Normally, this blog discusses the Republi-con, the lie that cutting taxes on the rich and small government will help the country. The reality, demonstrated vividly by the Bush's administration's creation of a huge debt and an economic collapse, is just the opposite. But I will note that the same con is going on with respect to terrorism. In fact, it was on Bush's watch that Osama bin Laden attacked the US and escaped. And both involved demonstrable Bush incompetence. Here, from Think Progress is an excellent video making the case for Bush's incompetence on Osama bin Laden. How Bush was able to portray himself as protector of the nation against Kerry is a mystery, except that Kerry was such a horrible candidate and didn't hit back. Is Obama too soft on the Republi-con now? Is that what led to the 2010 electorial debacle?

Friday, May 6, 2011

Enemy of the People: Liberterianism of the Pauls

An article in yesterday's Washington Post makes clear a key swing voting group that must be swayed if the Democrats are to win in 2012: Libertarians. They must be convinced the personal liberty is not well served by cutting taxes on the rich and starving public investment. Personal liberty is not served by such "small government" and has nothing to do with how oppressive the government can be. On the contrary, by wrecking the economy in the long term, it will dis-empower people in their personal lives. We need to make clear that the small government mania is far more of a threat to the future of the republic than Al Qaeda ever was.

Sunday, May 1, 2011

Why Ayn Rand's philosophy is stupid and evil

This video with clips of Republi-cons praising Ayn Rand, and then a positively Hitlerian turn by Rand herself raises the question: What's wrong with Rand?

Rand views all relationships in a black and white way: either altruistic or selfish. Altruistic is stupid, selfish virtuous. Relationships are trades, like buying a cabbage: I give you this, you give me that. If we are both happy with the trading we keep the relationship, as soon as either of us is not happy, we break it.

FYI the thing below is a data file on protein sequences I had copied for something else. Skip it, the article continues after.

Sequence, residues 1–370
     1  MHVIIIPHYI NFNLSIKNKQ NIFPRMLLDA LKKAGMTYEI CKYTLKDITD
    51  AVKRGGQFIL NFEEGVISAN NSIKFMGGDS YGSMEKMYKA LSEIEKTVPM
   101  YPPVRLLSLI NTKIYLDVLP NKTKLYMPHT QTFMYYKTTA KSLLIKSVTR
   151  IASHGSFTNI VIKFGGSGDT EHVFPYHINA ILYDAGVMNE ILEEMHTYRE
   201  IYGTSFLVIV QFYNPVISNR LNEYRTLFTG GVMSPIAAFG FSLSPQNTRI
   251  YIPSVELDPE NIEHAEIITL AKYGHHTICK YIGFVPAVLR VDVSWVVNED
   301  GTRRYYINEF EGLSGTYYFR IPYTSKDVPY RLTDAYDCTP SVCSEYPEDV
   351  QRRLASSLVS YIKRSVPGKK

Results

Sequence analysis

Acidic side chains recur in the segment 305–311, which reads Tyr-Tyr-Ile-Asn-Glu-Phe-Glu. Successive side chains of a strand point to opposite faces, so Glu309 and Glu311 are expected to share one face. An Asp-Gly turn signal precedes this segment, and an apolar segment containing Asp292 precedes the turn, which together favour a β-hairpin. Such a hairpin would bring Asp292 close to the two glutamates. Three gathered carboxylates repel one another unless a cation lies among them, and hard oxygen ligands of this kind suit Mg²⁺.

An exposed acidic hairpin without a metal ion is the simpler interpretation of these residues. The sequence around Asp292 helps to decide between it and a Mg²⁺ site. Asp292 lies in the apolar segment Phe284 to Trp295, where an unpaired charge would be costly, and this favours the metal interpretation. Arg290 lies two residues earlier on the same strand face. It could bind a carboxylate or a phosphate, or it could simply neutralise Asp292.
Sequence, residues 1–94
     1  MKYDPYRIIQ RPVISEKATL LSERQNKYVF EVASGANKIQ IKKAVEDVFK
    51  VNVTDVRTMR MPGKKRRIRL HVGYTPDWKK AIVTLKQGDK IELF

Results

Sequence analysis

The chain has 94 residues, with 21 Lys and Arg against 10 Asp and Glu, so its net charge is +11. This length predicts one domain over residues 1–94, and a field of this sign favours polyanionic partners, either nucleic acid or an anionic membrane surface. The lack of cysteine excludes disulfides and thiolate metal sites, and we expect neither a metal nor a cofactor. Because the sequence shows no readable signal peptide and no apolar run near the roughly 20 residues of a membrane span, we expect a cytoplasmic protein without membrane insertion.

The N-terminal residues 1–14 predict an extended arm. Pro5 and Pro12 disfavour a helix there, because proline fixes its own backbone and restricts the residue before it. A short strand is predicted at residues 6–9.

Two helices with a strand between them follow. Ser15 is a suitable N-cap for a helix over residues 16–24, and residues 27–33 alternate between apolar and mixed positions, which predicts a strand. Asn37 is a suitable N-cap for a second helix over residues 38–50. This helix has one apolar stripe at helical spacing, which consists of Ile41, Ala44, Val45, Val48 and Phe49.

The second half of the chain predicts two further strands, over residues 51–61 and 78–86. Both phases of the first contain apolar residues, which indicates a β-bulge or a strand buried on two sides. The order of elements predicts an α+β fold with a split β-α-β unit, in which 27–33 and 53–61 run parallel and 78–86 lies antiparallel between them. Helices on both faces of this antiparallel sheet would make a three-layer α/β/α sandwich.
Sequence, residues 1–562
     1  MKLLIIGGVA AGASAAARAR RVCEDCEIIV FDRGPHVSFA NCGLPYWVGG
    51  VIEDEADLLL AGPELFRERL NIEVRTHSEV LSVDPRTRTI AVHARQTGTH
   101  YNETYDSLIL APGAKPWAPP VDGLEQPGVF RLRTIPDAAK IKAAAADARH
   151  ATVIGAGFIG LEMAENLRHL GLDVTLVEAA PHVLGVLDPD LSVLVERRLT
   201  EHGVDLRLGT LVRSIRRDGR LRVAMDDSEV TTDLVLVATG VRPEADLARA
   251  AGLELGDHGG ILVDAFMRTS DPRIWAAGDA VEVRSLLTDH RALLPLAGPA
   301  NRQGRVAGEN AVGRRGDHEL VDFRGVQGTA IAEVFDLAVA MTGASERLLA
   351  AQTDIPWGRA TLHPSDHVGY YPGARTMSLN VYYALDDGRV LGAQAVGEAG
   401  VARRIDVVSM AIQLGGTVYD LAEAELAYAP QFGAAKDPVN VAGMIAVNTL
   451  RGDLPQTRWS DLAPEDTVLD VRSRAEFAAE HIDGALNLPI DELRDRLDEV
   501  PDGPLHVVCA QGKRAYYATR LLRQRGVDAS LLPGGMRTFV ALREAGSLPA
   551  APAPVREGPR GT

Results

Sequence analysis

What is stupid about her philosophy is that it leaves out risk and uncertainty, and forgets about trust. We enter into longer-term relationships, whether employment or marriage, because we think that in the longer term, we, and the other person will benefit. But we don't know. We're taking a risk. And when we're asked to do something for the other person, we don't know if we are going to get support in return. It's a risk. It's not buying a cabbage. That's why the character of the other person, and trust are critical. In fact, trust is at the heart of cooperative relationships, and both marriages and economies fall apart without out it. That's because when and how much to do short term sacrifice are critical issues. When suspicion and hostility arise, and trust dissolves, then people won't enter a cooperative venture.

This is not only true in personal relationships, but in economic ones. We just saw the economy freeze up in 2008 because of the collapse of trust. Credit was no good and nobody was willing to lend. And the worst economic downturn since the Great Depression followed. To keep up trust we need both strong regulation and a sense of moral duty on the part of those with fiduciary responsibilities. Both collapsed years before the financial collapse, and partly because of those, like Greenspan, who adopted the stupid philosophy of Ayn Rand. And that's why her philosophy is not just stupid in being blind to risk and trust, but also evil. It undermines both financial discipline and cooperation for the common good. There's more evil as well, but that's enough.